Calçotadas: Catalonia’s onion obsession

Vacation rentals in Barcelona can get booked up quickly during the summer as it is one of the most popular times to visit Catalonia. However, deciding to take a Barcelona holiday in the winter isn’t such a bad idea especially if you like onions! Why? Because it’s calçot season; a time for good food and good wine!

What is a Calçot?

A calçot is a type of onion that is similar to a scallion, spring onion, green onion, salad onion, or the like. They’re harvested during the winter months in rural Catalonia, and are served in a rather unique and interesting way that makes them truly delicious and hard to put down!

Catalonia Calçotades

If you’re staying in a villa in Barcelona during the winter, you may hear the locals discussing the calçotada…but what is IT? A calçotada is a festival celebrating the calçot, where the onions are barbecued, steamed, and then eaten as a snack, usually dipped in a traditional Romesco sauce from Tarragona. There are also grilled meats, crusty breads, and copious amounts of local red wine.

Finding Calçotadas

If you’re keen to visit a calçotada during your holiday in Spain, then consider visiting the town of Valls in January, which is when the region’s biggest annual calçotada takes place. However, you’re sure to find smaller calçotadas taking place in restaurants throughout calçot season, which runs from December to April.

Even if onions aren’t really your thing, Valls is still a great place to visit in the winter months. Spend time in Plaça del Blat in the historic centre of the town, home to the Castells Museum, where you can learn more about another of Valls’ famous attractions: the human towers, which have been a unique Catalan artistic style since the 1700s!

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Catalan custom: Mushroom hunting

The summer season has passed in Catalonia which means mushrooms have begun to sprout all over the Spanish hills. These edible fungi help usher in the ages-old Catalan custom of mushroom hunting.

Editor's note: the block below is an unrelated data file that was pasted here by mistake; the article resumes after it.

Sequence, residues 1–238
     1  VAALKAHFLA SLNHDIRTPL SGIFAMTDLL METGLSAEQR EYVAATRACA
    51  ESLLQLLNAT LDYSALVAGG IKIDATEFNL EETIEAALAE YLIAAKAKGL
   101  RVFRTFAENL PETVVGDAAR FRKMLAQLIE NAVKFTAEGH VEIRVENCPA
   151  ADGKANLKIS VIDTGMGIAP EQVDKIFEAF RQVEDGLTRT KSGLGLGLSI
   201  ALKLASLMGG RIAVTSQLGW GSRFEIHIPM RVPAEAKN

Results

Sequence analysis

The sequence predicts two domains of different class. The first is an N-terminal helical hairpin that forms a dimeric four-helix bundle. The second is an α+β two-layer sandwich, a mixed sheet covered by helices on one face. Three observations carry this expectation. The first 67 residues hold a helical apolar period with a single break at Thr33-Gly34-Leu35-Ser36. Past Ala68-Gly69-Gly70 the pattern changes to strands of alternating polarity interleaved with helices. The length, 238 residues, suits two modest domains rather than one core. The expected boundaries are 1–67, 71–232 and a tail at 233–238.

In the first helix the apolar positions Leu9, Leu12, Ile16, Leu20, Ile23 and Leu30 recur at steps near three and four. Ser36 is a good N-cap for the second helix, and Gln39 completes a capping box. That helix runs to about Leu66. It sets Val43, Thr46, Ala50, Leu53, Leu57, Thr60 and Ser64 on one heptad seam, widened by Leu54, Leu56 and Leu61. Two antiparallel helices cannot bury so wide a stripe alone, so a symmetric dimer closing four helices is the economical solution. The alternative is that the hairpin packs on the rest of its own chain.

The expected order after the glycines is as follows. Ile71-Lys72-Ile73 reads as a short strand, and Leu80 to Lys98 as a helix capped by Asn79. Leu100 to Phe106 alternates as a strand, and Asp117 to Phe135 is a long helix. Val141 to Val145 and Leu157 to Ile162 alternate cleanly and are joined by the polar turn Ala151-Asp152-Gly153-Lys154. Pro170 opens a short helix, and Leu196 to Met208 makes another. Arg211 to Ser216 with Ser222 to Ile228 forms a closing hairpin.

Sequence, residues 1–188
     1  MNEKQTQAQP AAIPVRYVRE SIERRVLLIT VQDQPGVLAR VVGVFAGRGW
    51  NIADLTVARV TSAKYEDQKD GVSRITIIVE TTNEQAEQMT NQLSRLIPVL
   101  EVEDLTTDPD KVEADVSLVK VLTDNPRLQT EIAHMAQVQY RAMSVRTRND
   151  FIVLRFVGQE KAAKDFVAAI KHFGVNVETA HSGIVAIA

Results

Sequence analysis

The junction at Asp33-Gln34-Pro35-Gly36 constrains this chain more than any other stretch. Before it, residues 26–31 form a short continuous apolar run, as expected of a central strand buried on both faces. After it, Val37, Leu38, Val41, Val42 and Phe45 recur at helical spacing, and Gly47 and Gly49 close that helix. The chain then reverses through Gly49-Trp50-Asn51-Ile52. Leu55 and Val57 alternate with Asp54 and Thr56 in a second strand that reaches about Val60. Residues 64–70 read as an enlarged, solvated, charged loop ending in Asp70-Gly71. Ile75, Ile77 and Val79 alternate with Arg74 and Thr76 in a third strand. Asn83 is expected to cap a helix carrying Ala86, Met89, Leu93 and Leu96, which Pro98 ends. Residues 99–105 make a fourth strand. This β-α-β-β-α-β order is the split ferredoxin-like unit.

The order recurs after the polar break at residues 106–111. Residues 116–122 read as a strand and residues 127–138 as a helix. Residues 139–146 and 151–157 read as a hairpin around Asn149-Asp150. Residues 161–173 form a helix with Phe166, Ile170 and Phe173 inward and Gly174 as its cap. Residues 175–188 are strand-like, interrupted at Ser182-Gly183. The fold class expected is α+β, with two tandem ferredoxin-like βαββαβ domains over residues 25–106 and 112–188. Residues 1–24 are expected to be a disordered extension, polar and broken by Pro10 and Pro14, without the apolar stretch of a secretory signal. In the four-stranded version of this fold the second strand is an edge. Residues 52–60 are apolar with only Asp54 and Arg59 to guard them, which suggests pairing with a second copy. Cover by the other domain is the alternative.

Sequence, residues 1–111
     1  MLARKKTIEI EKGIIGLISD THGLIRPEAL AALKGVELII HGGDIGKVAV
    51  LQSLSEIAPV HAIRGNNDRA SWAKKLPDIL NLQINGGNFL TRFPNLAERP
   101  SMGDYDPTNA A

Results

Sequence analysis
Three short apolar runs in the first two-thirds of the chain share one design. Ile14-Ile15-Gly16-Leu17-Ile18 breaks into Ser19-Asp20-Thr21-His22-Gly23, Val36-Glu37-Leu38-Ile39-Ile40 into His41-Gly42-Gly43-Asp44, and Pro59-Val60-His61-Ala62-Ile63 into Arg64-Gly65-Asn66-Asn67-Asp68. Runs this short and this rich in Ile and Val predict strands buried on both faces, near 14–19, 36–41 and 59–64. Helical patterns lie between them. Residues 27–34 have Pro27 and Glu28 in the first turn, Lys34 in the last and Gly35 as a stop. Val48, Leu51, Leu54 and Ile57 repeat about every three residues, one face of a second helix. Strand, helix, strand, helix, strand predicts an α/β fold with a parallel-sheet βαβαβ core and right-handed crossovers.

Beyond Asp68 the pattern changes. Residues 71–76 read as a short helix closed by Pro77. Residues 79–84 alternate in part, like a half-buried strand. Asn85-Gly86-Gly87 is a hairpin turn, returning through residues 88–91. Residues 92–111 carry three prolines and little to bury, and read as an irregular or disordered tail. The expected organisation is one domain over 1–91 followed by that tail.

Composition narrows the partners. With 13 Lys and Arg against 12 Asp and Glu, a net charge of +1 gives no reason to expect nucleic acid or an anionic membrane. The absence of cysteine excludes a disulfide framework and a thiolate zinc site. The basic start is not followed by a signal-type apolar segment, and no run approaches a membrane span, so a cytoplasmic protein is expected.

Throughout Catalonia during this time of year, bolitaires (or mushroom hunters) take to the fertile fields to hunt for and collect mushrooms after the summer harvest. Catalans have passed down the tradition through generations as groups head out–baskets in tow–for early morning weekend rummaging.

A few varieties are known to grow in the region (including ceps and trompetas) and serve as complementary ingredients to a number of dishes like omelettes, soups, and salads.

 

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New to gathering these treasured trumpets? The government of Catalonia has issued information regarding how to properly gather mushrooms; how and whether you need to obtain a mushroom-gathering permit; and further information about mushrooms themselves, including which are safe to eat, which may be poisonous, and helpful nutrition facts.

If you plan to visit Catalonia in the fall, grab a basket and enjoy this community-building tradition among the lush forests of northeastern Spain. If you can’t make it to the countryside, heaps of Barcelona’s markets (like La Bouqueria) sell varieties of the plant so you’ll have no shortage of the nutrient-rich Catalonian wonder. Happy hunting!

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